If I Ran the Rain Forest by Bonnie Worth is a selection from the Cat in the Hat’s Learning Library, a wonderful series of books for young readers. These books are entertaining and educational, presenting non-fiction concepts in a basic format to help children build ideas about the natural world. In If I Ran the Rain Forest, the much loved Dr. Seuss character, the Cat in the Hat, is here to tell you about a fascinating part of the world, filled with life! The rain forest is brimming with enormous trees, which are home to amazing creatures, like parrots, monkeys, and frogs. However, this fantastic place is threatened–people are cutting down trees, and so the Cat tells us, if he ran the rain forest he’d say “chop somewhere else, people. Leave us these trees. Don’t cut them down. Save the trees, please!”
To celebrate the birthday of Dr. Seuss, who was born 105 years ago this month, we held a large celebration at our library centered around his masterpiece Horton Hears a Who, the story of a kind-hearted elephant who discovers an entire city of tiny people living on a dust speck and vows to protect them because, after all, “a person’s a person no matter how small.” It was a pleasure to share my love for Horton with the children who attended our party. Like many of Seuss’s works, Horton Hears a Who teaches us valuable lessons, in this case about tolerance for others’ cultures and beliefs. If everyone was as caring and open-minded as Horton, I believe the world would be a better place. So please read this book to your child! A young person can’t have much of a better role model than Horton the elephant.
My Many Colored Days is a Dr. Seuss book you may not be familiar with. It was published posthumously by his widow Audrey Geisel. He had written it, inspired by the view from his study, and envisioned it to be illustrated by an artist with a completely different style from his own. That mantle was taken up by Steve Johnson and Lou Fancher, who created beautiful paintings for the book. “You’d be surprised how many ways I change on different colored days,” Seuss writes, articulating how colors can affect, or be used to explain, our emotions, and how our moods may fluctuate throughout the week. My favorite pages are for feeling brown, and sort of “low down,” immediately followed by bright shades of yellow and feeling like a “busy buzzy bee!”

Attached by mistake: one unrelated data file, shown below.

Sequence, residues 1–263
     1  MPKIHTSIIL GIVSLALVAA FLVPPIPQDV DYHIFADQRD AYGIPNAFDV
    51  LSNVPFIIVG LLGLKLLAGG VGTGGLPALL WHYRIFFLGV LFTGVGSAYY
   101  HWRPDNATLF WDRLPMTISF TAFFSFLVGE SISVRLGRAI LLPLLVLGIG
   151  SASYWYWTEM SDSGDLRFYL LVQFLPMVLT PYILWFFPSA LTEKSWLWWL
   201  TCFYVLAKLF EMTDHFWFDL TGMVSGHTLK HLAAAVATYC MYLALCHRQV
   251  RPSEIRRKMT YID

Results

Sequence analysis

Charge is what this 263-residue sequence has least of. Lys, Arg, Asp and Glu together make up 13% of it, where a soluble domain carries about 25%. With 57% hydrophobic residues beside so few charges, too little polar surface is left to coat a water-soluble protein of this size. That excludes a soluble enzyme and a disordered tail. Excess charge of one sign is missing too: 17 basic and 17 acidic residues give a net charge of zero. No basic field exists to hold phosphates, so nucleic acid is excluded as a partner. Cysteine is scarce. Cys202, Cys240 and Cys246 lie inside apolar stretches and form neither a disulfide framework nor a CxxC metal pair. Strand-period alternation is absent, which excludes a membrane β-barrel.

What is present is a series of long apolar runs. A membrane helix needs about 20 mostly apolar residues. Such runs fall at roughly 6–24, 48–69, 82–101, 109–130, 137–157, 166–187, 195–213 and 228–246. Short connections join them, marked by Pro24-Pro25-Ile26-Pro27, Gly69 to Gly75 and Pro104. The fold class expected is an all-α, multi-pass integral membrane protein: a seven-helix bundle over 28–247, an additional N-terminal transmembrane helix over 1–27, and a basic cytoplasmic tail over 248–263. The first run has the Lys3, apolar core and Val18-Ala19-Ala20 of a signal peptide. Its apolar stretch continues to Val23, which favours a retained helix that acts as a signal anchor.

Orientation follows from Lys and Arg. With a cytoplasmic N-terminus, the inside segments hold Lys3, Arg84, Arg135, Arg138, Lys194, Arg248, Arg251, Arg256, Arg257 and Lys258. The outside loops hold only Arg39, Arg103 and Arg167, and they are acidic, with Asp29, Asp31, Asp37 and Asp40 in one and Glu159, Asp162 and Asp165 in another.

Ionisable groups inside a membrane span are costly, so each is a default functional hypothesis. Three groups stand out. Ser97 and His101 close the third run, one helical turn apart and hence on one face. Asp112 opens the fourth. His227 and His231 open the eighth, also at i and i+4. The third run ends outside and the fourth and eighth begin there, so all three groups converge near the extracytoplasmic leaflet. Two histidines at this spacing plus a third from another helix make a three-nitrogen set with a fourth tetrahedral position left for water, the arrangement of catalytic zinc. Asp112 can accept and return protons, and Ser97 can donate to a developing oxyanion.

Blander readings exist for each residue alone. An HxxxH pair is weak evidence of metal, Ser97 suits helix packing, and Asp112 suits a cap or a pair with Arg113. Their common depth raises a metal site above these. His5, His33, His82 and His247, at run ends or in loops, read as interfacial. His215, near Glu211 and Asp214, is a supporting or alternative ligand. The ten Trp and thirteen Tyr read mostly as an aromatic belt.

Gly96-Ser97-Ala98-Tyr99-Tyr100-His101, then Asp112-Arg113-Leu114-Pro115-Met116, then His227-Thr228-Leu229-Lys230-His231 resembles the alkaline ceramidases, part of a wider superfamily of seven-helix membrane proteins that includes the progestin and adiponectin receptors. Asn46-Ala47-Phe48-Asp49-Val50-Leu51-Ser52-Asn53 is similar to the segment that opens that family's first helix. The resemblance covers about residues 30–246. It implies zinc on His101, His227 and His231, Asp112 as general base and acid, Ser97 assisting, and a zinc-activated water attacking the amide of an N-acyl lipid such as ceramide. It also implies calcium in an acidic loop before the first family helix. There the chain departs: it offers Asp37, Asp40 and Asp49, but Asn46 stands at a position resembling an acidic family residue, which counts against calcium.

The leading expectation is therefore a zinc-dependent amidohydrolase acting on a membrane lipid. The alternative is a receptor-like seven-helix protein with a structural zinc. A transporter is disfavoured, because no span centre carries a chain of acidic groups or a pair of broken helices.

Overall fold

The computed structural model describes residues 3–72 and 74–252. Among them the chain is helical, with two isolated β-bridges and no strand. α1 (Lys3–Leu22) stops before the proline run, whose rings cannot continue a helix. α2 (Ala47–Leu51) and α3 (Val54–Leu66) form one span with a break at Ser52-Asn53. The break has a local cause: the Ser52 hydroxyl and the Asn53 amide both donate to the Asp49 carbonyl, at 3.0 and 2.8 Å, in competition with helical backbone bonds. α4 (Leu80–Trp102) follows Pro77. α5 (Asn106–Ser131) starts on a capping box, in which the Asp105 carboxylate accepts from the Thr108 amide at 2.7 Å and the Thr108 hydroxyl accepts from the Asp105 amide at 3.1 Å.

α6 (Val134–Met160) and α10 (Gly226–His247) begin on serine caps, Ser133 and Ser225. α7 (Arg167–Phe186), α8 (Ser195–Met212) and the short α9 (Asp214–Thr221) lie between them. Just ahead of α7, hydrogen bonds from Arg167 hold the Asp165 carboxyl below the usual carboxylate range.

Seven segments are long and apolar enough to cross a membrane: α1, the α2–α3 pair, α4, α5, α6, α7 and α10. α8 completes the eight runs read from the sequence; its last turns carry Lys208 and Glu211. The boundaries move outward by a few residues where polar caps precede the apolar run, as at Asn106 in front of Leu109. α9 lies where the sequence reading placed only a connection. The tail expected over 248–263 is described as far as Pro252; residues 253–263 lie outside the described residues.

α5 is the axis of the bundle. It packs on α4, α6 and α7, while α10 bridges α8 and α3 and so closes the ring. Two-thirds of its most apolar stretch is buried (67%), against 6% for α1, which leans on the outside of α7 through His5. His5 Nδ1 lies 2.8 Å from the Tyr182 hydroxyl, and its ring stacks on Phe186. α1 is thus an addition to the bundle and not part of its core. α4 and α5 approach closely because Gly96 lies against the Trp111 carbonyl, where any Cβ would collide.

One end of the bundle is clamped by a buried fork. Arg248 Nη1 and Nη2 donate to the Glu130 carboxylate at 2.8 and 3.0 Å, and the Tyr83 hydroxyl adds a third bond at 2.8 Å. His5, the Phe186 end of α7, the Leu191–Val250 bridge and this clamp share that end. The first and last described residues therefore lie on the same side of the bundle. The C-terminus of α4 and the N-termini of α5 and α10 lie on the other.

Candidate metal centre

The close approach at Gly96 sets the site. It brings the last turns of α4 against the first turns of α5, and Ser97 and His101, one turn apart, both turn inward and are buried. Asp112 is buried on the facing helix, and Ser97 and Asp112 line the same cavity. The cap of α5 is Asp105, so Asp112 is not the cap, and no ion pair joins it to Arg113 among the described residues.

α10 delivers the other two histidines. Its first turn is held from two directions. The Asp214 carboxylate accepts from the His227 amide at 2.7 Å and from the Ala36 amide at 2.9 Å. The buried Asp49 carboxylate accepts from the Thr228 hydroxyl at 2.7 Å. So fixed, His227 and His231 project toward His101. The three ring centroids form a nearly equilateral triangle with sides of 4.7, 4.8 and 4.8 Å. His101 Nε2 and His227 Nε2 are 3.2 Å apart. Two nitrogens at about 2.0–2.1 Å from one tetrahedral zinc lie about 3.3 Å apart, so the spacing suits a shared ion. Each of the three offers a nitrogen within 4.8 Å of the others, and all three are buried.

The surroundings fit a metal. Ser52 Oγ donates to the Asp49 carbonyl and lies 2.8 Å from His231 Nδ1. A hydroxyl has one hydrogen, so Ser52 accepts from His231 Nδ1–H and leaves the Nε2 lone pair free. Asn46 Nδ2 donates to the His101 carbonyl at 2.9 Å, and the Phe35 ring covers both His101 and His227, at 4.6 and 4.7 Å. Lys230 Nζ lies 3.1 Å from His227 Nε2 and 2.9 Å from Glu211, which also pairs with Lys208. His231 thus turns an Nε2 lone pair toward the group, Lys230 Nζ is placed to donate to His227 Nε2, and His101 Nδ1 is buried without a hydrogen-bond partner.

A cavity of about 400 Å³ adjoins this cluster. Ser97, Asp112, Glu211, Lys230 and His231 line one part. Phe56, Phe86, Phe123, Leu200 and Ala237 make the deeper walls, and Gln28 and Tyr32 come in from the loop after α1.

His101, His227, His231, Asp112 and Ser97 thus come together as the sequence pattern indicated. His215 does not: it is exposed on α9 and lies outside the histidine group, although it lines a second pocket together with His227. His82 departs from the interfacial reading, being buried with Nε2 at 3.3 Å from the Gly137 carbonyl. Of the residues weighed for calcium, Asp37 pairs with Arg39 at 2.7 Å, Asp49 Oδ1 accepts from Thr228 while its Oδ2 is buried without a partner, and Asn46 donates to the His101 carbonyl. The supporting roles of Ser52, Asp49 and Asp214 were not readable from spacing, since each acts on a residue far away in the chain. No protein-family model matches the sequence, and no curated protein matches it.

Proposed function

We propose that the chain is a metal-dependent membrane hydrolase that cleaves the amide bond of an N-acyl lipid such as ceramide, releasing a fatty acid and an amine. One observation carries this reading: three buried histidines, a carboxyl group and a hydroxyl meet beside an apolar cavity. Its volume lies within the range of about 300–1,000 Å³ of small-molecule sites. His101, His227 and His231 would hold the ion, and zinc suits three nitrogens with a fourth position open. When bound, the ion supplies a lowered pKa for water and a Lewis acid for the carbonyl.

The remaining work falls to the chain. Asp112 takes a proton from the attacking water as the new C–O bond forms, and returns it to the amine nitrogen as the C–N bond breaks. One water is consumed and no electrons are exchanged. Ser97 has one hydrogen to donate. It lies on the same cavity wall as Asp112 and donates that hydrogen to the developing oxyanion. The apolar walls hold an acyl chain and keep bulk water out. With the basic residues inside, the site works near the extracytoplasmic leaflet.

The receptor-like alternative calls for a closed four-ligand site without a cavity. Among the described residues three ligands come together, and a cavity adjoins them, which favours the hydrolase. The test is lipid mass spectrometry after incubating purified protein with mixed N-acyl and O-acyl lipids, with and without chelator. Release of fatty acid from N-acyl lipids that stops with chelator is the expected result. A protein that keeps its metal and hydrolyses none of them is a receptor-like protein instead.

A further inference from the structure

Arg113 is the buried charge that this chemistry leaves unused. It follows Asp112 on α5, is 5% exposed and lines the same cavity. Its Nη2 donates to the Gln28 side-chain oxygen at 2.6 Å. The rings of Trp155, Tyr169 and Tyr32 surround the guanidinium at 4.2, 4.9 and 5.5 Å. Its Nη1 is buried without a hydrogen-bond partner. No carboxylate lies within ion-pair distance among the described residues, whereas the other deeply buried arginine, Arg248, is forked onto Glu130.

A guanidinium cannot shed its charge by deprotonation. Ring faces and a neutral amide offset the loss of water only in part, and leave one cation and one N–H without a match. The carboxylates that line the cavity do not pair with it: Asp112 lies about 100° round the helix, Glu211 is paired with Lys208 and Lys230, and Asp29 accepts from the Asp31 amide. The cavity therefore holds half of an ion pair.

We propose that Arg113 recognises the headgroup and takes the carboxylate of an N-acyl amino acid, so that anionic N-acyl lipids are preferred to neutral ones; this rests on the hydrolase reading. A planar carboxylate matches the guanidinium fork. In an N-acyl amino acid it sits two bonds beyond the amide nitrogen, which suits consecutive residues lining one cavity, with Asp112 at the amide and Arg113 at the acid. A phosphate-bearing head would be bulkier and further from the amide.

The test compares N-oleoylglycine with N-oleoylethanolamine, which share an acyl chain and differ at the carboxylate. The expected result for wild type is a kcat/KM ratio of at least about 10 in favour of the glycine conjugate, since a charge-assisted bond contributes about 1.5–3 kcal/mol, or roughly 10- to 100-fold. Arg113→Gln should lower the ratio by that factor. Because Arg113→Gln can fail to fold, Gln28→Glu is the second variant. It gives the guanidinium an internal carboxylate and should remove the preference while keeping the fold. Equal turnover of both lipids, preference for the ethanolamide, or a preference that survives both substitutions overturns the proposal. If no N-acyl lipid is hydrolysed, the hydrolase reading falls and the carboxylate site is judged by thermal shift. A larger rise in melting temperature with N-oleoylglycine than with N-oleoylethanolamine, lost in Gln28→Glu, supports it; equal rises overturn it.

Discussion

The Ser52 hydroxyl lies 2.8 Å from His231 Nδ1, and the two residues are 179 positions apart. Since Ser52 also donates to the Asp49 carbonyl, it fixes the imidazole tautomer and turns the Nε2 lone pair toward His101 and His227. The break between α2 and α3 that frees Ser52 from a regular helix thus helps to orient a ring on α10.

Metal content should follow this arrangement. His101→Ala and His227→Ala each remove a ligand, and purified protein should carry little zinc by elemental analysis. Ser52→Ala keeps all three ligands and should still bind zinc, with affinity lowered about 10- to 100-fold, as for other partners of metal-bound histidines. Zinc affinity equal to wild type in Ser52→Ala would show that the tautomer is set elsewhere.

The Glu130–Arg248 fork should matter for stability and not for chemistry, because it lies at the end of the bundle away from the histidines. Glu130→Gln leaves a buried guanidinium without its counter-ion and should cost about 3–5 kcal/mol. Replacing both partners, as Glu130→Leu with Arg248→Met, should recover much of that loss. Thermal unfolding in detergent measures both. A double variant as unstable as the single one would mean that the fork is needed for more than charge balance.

Yertle the Turtle and Other Stories is a collection of three great stories by Dr. Seuss, each with a lesson to teach us (as Seuss so often has). “Yertle the Turtle” is supposedly an allegory for Hitler-era fascism (and Horton Hears a Who is supposedly an allegory for Japanese internment camps. Who knew Seuss was so political). Yertle is the king of all he sees, which is a bunch of turtles in a pond. But he realizes if he commands all the turtles to stand in a stack with him on top, he could rule so much more! His plan seems to go swimmingly until Mack, the poor base turtle, does something very impolite… In “Gertrude McFuzz” (one of my childhood favorites) we meet a bird with a bit to learn about envy and vanity, and then there’s “The Big Brag” in which a rabbit, a bear, and a worm argue over who has the best senses. All classics!
Dr. Seuss’s The Lorax is a great jumping off point for educating your child about current issues concerning the environment. Narrated by a regretful character called the Once-ler, it tells the tale of his destruction of the Truffula trees. The Once-ler discovered the Truffula’s tuft could be knitted into a thneed, a sockish, sweaterish thing that despite seeming to lack any utility, starts selling like hotcakes. Motivated by greed, the Once-ler builds a thneed factory, chopping down Truffula trees left and right. Enter the Lorax, a stout mustachioed creature who acts a spokesperson for the trees. He begs the Once-ler to quit manufacturing thneeds–the pollution is endangering all the local species! But the Once-ler fails to heed the advice of the Lorax, and makes a total mess of the landscape, leaving us with an “UNLESS someone like you cares a whole awful lot, nothing is going to get better. It’s not.”